When the brothers saw Joseph coming, they decided to take his coat from him and throw him into a nearby pit.
Soon the brothers sold Joseph to some traders (people who buy and sell things) who were on their way to Egypt.
Joseph’s brothers told their father that Joseph was dead. But really, Joseph was now a SLAVE in Egypt.
Despite being a slave, Joseph trusted God and did his best. Soon he became his Egyptian owner’s most trusted servant.
Roll ropes out of play dough and use straws to make jail bars.
The wife of the man who owned Joseph lied about Joseph. She got Joseph put into JAIL! But once again, Joseph trusted God.
He did his best and helped other prisoners. Soon he was put in charge of the jail! He even helped two prisoners by telling them the meaning of dreams they had.
Some time later, Pharaoh, the ruler of all Egypt, had a STRANGE dream. No one could tell him what it meant!
But one of the men Joseph had helped in jail told Pharaoh about Joseph. So Pharaoh called for Joseph.
Soon Joseph was standing in front of Pharaoh! He told Pharaoh that his dream meant there was going to be a famine—years when there wouldn’t be any rain and very little food.
Use two ropes of playdough to make a ring and a necklace.
Pharaoh thought about what Joseph had told him. He realized that Joseph was a VERY wise man. So he made Joseph second ruler of the whole country of Egypt!
He gave Joseph his ring, so Joseph could make laws. He gave Joseph a royal necklace to wear around his neck, so people would know Joseph was a ruler.
Joseph had big barns built to store food to eat during the famine. He was in charge of everybody except Pharaoh!
After seven years, the famine DID come, as Joseph had said it would. There was also a famine back where Jacob and all of Joseph’s brothers lived.
Soon the brothers came to Egypt in search of food. But they didn’t recognize Joseph. They bowed low before Joseph, as he had seen in his dream. They BEGGED Joseph to sell them food!
Joseph didn’t tell them who he was just yet. But he gave them lots of grain and sent them home. He also kept one brother with him, just to be sure they would come back!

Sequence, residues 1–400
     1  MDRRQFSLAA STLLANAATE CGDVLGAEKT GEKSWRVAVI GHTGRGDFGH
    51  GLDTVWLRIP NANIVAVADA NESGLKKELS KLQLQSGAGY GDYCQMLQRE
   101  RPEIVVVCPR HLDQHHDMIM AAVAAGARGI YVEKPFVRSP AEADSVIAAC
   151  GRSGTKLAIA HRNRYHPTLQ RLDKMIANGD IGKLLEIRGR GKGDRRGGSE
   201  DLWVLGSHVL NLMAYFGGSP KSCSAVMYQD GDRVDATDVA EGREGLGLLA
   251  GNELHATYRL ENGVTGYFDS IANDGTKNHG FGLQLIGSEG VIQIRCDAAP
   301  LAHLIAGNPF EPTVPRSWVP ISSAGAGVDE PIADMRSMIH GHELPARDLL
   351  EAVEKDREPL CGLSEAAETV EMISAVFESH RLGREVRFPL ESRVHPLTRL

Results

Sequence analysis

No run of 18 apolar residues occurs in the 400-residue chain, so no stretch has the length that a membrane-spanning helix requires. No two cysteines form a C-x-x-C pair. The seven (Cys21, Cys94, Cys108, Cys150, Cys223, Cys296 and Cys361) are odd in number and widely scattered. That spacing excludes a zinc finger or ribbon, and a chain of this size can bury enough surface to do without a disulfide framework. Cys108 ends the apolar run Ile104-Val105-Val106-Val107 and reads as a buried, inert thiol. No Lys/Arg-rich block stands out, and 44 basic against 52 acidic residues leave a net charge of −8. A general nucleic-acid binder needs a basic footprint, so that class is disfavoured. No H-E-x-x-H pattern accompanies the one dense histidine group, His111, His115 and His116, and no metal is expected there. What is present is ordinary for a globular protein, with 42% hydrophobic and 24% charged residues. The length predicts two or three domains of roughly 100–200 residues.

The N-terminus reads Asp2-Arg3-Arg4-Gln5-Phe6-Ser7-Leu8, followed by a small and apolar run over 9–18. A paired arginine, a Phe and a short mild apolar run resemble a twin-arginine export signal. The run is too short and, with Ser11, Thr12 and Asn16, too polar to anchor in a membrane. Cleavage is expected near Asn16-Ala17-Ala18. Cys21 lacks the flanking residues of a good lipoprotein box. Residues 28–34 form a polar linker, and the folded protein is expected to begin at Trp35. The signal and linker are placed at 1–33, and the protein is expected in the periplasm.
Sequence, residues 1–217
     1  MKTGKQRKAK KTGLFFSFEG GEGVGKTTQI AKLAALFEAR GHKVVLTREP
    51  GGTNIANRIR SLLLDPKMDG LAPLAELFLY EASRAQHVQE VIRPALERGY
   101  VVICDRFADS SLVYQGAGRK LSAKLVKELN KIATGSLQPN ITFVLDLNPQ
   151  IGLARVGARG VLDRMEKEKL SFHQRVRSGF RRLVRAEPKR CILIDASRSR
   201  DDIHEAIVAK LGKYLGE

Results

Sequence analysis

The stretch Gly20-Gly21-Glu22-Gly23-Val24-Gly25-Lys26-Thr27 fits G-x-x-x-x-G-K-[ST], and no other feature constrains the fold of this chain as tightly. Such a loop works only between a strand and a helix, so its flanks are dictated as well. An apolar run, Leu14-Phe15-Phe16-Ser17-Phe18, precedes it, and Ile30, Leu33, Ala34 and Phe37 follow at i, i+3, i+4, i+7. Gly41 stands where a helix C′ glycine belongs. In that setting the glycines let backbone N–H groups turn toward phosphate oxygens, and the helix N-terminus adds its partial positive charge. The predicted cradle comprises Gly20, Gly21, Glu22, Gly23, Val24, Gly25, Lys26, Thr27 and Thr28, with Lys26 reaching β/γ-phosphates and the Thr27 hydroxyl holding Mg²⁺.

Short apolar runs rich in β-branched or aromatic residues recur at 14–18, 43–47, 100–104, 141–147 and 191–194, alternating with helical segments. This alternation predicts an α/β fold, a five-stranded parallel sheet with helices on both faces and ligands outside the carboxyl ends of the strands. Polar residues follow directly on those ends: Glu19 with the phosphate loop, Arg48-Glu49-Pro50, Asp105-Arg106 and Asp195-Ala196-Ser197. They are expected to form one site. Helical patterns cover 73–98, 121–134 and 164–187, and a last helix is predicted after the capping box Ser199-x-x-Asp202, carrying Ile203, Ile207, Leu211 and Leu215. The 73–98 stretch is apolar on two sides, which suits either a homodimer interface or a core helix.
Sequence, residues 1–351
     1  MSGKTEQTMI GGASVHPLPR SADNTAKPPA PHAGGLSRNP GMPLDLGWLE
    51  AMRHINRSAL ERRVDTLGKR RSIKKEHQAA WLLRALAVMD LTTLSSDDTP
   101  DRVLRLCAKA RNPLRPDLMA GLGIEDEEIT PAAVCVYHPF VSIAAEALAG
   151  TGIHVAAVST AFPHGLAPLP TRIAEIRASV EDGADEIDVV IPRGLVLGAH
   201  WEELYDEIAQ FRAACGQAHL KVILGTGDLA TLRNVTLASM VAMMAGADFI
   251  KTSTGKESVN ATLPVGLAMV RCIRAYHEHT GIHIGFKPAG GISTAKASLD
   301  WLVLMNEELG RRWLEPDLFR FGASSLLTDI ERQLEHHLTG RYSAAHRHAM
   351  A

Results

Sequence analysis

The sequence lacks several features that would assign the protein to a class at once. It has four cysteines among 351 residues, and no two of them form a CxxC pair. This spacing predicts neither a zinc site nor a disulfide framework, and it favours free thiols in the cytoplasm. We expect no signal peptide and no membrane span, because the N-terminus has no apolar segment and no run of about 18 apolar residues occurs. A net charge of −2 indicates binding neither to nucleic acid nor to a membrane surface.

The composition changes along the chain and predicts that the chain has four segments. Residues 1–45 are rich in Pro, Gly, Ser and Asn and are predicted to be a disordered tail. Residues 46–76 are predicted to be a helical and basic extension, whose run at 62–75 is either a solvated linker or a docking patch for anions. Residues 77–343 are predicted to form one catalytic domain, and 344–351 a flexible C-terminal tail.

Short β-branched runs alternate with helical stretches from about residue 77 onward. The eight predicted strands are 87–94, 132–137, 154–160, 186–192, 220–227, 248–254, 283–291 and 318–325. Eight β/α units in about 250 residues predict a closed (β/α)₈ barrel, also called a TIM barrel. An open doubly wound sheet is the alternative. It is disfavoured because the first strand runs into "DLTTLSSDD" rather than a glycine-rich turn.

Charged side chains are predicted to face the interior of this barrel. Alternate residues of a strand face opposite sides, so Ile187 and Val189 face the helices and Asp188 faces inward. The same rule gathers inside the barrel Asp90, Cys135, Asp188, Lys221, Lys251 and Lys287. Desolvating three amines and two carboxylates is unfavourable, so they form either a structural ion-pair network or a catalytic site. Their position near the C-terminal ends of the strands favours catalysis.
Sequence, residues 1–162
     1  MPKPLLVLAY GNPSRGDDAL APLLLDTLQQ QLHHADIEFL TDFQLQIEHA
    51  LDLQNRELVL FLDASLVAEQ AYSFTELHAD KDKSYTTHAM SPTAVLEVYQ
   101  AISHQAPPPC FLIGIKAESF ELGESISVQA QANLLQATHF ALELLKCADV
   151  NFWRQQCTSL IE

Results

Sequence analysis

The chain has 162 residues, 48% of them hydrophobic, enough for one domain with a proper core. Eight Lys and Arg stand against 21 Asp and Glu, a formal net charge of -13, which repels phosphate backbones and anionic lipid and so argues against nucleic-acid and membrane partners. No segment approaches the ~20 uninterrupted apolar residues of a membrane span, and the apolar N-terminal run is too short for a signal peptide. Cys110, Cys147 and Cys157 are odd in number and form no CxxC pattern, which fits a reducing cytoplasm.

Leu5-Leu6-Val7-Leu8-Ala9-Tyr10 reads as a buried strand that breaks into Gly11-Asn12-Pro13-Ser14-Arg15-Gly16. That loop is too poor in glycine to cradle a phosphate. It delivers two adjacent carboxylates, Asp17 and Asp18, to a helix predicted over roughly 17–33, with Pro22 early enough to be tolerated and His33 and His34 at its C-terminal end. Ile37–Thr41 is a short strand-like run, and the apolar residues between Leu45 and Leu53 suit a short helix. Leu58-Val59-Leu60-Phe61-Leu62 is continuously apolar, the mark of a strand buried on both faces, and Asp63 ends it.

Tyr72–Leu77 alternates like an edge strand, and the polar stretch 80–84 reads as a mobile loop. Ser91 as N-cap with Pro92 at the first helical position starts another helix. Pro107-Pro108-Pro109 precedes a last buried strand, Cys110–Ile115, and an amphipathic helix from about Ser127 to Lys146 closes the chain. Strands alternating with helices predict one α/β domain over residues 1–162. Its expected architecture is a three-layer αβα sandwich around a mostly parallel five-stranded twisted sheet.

Make a smile from two ropes of play dough.
Joseph’s brothers DID come back. Finally, Joseph told them who he was!
His brothers were afraid. Would Joseph punish us? they wondered. Joseph did not. Instead, he FORGAVE them!
He loved his brothers, even though they had been so cruel to him. He told them that even though they had meant to hurt him, God had used it for good!
Joseph invited them all to come and live in Egypt, where there was plenty of food for all their families! Joseph showed God’s love to his family, no matter what!
- Why did Joseph’s brothers put him in a pit and sell him? (Jealous. Didn’t like his dreams.)
- When Joseph was a slave, what did he do? What did he do in jail? (Did his best. Tried to help.)
- What did Joseph’s brothers do when they came to ask for food? (Bowed and begged.)
- Why do you think Joseph forgave his brothers? (God helped him love them. God used their meanness for good.)
Forgiving people is not always easy. Even in our families, people can hurt our feelings. But when we forgive, we show the fruit of God’s love!
Story of Joseph Discussion Activity
Lead the Activity
When we have been forgiven by God, we can show His love to other people by forgiving them. Let’s find out how a woman helped some people forgive each other and show God’s love.
Show laundry basket and/or detergent.
What are these things used for? Students respond.
Before washing machines had been invented, it took people many hours to wash and iron their clothes. People often hired others to do their laundry.
Amanda Smith was a former slave who earned money by doing laundry for others. After her husband died, she had to work hard to earn enough money to care for her family.
Amanda also worked hard so that she could spend time telling others about God’s love and forgiveness.
One day after hearing Amanda speak, a young man asked for help. The man had fought with a friend several years before.
Amanda’s teaching helped the young man see that he needed to forgive his friend, but he was afraid to speak to him. Amanda prayed for him and said that God would help him.
The next day, the young man saw the man he had fought with. Even though he was afraid, the young man walked up to him and started to speak.
The other man said, “I’m so glad you came to talk to me. I wanted to say something, but I was afraid you wouldn’t speak to me!” The two men quickly forgave each other and became good friends again.